Angeles National Forest
U.S. Forest Service
701 N. Santa Anita Ave.
Arcadia, CA 91006
Current Situation: The Lake Fire is currently 21,115 acres with 38% containment and 4,570 structures remain threatened. Mandatory evacuations are in place. The fire is burning on the Angeles National Forest near Lake Hughes and moving northwest towards 100-year-old fuels consisting of Big Cone Douglas Fir, Oak and Gray Pine. The Lake Fire remains eight miles to the northeast of Interstate 5 and south of Highway 138. Firefighters are facing steep and rugged terrain, high temperatures, critically dry fuels and drought stressed trees.
The Lake Fire started on August 12, 2020 and has burned for 7 days and the cause of the fire is undetermined.
The right flank of the fire, just west of Lake Hughes has held for several days. Some of the areas in denser vegetation require extensive mop up.
The left flank in the area of Sawmill Mountain, Burnt Peak and Little Burnt Peak is presenting the most challenging fire behavior. Containment along Pine Mountain Road will continue to be threatened by spot fires. Crews will watch for fire whirls, or fire devils, a spinning vortex column of ascending hot air and gases rising from a fire.
A virtual public meeting was live streamed yesterday evening on the Angeles National Forest and Los Angeles County Fire Department Facebook and Instagram pages. The replay of the live stream can be seen on those channels where the public had the opportunity to ask questions about the fire.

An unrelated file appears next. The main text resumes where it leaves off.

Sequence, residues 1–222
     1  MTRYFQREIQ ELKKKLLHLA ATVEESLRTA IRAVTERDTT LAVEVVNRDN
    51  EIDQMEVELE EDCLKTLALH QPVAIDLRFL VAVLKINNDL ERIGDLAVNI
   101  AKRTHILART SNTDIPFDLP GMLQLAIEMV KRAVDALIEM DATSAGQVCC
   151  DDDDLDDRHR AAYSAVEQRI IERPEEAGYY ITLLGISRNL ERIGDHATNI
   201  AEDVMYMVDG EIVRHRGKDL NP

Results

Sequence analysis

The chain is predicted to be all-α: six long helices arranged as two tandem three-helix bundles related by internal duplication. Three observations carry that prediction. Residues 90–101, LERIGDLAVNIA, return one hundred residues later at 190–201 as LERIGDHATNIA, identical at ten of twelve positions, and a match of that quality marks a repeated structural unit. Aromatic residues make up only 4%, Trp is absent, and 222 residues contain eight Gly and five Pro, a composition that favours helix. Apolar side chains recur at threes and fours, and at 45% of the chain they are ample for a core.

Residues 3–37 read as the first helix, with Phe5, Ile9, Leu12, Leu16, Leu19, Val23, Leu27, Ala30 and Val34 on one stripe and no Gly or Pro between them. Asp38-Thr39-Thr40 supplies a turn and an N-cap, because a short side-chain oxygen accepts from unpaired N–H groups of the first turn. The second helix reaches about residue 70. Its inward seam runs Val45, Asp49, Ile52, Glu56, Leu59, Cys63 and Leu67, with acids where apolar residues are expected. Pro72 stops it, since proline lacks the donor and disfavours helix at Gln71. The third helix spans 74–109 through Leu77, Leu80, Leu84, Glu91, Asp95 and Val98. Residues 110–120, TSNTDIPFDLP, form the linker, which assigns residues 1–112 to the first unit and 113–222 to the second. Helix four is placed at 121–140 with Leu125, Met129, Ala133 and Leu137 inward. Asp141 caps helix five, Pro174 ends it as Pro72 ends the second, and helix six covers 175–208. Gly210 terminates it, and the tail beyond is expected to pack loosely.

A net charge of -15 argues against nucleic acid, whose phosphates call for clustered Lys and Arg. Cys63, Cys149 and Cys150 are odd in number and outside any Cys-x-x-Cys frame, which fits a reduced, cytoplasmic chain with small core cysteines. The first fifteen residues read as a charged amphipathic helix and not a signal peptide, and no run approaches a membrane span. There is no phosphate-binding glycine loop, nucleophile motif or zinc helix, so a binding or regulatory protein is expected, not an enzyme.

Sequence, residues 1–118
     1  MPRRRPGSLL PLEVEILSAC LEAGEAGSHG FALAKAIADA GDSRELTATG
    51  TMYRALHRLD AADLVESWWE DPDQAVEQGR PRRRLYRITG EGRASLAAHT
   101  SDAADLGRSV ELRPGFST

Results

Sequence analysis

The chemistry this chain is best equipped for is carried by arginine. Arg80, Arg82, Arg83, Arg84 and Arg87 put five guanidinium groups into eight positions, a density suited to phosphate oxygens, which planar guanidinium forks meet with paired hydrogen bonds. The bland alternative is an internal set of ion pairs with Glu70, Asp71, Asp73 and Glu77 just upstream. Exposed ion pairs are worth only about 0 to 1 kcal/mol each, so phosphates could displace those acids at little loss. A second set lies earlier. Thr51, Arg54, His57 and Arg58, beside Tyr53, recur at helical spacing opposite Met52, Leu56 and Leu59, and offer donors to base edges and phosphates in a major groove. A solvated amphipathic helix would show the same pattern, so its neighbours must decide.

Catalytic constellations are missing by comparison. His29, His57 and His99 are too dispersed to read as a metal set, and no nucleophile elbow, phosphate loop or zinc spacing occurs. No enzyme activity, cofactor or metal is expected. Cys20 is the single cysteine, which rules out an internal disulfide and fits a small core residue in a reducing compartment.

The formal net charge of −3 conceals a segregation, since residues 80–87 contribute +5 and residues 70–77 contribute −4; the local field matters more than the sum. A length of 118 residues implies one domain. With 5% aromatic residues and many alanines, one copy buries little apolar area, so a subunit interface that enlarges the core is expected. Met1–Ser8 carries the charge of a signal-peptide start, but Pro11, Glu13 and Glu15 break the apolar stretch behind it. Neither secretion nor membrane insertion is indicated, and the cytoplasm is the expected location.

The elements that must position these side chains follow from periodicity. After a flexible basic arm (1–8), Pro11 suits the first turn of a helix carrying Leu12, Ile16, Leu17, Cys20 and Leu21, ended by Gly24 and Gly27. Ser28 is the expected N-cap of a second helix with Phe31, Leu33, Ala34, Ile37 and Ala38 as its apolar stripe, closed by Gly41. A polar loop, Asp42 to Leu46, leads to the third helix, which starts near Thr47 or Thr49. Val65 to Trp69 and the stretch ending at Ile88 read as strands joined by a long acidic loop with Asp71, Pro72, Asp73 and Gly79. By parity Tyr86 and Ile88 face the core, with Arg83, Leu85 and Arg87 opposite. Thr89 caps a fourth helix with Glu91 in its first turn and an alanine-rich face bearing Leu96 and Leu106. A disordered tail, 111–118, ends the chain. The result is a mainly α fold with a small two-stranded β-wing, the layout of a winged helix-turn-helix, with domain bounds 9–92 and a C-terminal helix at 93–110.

The unified incident command post is located in the Castaic Lake State Recreation Area. The lake and surrounding areas are being used in support of fire operations. Both upper and lower lakes are currently closed to public access and the recreational facilities will remain closed until further notice.
Engines: 224 Hand Crews: 28 Dozers: 39 Water Tenders: 26 Helicopter: 13 Total Personnel: 1,983
There has been one minor reportable injury to a firefighter.
Weather: An excessive heat warning, dangerously hot conditions along with high temperatures between 98’ and 110’ degrees is in effect until 9 p.m. Thursday for the Santa Clarita, San Fernando and San Gabriel Valleys. Very hot and critically dry conditions will remain again today as high pressure is anchored over the region. Winds will be a little stronger in the late afternoon with possible gusts up to 25 mph out of the west; southwest.
Evacuations: Lake Hughes Road west of Pine Canyon and north of Dry Gulch Road. east of Ridge Route Road west of Lake Hughes Road and Fire Station 78 north of Pine Canyon and Lake Hughes Road south of SR-138.
Evacuation Point(s): Evacuation points will be opened as needed. If you should need assistance, please call 1-800-Red-Cross (1-800-733-2767)
Road Closures: 3 Points Road from Hwy 138 to Pine Canyon Road, Old Ridge Route from Hwy 138 to Pine Canyon Road, Pine Canyon Road from Ridge Route Road to Lake Hughes Road.
Animal Care: Antelope Valley Fairgrounds (Large Animals Only) – 2551 W Avenue H, Lancaster, CA 93536